Starring the great Louise Brooks, in her final American film before high-tailing it abroad and becoming an icon in G.W. Pabst’s Pandora’s Box (1929), the gritty, tragi-comic hobo yarn Beggars of Life opened the 2016 San Francisco Silent Film Festival last Thursday.
It’s a reasonable selection. Combining light gags, physical comedy, dour realism, and exciting train sequences (courtesy of director William Wellman, a year after his Wings won the first Academy Award for what we now call Best Picture), Beggars of Life is typical of any number of 1928 films. But it also marks a moment of transition on several fronts.
Not only does it feature an androgynous Brooks in hobo clothes rather than her previous Ziegfeld Follies outfits, and a characteristic fascination with the train-hopping lifestyle that prefigures Depression-era films (as well as post-Depression depictions like Preston Sturges’ Sullivan’s Travels), but it also signals the twilight of the silent years.
In something of an ironic choice for a Silent Film fest, Beggars of Life was actually marketed as Paramount’s first sound picture, thanks to a brief song (“Hark The Bells”) apparently belted out by top-billed Wallace Beery (a la Al Jolson in The Jazz Singer). The sound didn’t survive the years, though, so Wellman’s picture is once again a true silent.
Beery may be top-billed, and turns in a performance Brooks called “a little masterpiece,” but he doesn’t even show up until nearly halfway through Beggars of Life. This is decidedly Brooks’ show. Credited only as The Girl in this adaptation of Jim Tully’s novel, her character is introduced having just shot and killed her lecherous father – she and wandering hobo Richard Arlen meet-cute over the corpse, a rather grisly touch by any standard.
Arlen takes her under his wing, promising to get her on a train headed east while he makes his way west and up to Canada, where a family relation has a homestead he hopes to work. (Here, as throughout the film, everyone’s ambitions and hopes lie forever Elsewhere.) Of course, Brooks and Arlen end up making their way together, she in men’s clothes seeking to avoid detection – by the cops, for murder, and by her fellow transients, who invariably mean her quite specific ill. The threat of sexual assault looms over everything – cross-dressing and androgyny is no mere affectation here, but a survival strategy.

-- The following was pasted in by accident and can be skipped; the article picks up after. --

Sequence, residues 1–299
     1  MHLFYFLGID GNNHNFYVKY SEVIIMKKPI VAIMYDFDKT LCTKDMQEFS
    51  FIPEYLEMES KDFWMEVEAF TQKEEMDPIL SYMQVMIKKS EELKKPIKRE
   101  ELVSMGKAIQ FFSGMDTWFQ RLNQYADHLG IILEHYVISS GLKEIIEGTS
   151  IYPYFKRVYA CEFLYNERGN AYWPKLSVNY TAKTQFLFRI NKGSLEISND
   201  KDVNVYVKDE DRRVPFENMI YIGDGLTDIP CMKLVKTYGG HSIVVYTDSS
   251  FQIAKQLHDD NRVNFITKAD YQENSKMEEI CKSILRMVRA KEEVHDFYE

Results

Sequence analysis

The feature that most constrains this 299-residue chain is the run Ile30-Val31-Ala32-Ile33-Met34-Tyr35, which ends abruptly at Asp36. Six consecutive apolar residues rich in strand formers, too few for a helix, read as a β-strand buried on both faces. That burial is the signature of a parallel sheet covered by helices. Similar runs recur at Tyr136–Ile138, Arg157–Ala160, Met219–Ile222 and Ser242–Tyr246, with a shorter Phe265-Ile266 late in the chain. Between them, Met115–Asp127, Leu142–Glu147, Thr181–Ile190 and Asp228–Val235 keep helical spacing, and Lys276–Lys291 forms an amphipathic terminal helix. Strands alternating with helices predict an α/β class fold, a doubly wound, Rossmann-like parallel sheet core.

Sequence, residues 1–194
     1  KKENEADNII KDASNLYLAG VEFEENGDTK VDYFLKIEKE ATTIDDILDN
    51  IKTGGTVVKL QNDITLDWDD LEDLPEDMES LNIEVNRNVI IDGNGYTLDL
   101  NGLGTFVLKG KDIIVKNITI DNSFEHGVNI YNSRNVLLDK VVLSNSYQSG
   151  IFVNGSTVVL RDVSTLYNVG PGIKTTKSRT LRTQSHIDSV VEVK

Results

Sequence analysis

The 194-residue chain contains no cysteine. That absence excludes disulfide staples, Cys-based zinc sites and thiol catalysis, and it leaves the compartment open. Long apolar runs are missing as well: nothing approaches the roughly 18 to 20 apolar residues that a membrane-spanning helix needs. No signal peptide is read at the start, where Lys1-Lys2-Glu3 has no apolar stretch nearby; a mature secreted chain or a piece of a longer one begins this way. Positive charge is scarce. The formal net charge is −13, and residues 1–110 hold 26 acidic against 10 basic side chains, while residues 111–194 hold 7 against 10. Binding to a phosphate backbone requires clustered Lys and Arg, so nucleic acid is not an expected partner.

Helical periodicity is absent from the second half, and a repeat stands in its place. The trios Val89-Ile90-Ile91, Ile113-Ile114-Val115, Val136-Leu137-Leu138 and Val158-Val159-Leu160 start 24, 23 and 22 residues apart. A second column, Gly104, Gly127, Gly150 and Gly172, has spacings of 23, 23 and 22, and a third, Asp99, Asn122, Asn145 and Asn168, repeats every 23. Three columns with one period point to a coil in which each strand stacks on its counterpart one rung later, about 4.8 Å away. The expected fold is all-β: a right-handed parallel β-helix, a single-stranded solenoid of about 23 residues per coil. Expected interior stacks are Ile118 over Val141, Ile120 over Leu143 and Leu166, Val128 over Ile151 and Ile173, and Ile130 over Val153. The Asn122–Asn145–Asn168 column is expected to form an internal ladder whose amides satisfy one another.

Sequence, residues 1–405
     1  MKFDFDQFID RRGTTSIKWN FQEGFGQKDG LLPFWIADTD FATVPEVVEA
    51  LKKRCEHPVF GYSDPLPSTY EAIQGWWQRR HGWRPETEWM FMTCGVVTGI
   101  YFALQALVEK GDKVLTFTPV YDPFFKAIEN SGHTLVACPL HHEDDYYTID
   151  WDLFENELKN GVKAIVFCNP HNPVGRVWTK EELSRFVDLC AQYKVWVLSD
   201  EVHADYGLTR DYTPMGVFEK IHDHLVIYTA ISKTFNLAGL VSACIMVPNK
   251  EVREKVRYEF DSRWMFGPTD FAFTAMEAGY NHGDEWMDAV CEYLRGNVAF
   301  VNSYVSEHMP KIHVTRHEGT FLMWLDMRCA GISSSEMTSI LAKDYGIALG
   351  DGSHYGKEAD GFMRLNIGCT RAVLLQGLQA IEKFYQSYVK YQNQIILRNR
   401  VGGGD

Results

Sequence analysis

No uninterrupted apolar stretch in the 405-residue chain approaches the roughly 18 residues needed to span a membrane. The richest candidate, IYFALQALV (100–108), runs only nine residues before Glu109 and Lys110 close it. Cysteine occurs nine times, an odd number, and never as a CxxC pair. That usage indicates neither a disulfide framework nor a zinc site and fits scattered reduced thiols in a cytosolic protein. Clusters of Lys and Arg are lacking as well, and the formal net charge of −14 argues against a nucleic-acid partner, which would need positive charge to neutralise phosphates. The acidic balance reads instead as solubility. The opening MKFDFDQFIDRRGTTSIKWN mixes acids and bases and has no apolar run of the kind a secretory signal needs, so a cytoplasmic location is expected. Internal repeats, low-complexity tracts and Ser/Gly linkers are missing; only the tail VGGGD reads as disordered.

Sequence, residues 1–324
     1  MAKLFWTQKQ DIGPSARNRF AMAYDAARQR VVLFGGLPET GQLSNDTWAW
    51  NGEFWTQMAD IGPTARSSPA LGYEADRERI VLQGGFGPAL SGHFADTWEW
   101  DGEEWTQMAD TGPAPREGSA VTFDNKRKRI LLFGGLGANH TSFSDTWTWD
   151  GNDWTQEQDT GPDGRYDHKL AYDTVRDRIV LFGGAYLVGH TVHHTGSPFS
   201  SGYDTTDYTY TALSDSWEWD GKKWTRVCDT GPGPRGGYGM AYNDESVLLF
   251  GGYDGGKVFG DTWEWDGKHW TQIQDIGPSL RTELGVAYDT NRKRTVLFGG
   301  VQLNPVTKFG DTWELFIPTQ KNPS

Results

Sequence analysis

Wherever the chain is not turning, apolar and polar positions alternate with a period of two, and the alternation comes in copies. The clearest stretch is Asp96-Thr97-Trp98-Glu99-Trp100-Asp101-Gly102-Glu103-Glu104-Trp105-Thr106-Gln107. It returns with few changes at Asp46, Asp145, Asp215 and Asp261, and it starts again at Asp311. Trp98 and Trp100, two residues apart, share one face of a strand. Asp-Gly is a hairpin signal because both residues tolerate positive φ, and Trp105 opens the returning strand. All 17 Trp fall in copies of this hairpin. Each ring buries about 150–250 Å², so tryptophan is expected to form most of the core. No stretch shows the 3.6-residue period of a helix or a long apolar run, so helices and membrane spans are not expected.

After some adventures on the road, including an adorable night spent bunking down inside a hay pile, Beery’s Oklahoma Red shows up at a hobo encampment referred to as “The Jungle,” bringing with him a keg of booze, singing the song we no longer get to hear. He’s immediately recognized, and feared. When The Girl is revealed as, in fact, a girl, things get dodgy pretty quick, and the noble Arlen more or less staves off a gang rape. The “dicks” show up looking for the murderess, and the entire encampment flees to board a passing train.
In a long sequence, most notable for a series of punny, wordplay-focused intertitles (a curious comic strategy for an inherently visual medium), Oklahoma Red presides over a kangaroo court to decide the fates of The Boy and The Girl. The outcome is pre-ordained, but chaos ensues anyway and our heroes make a break for it.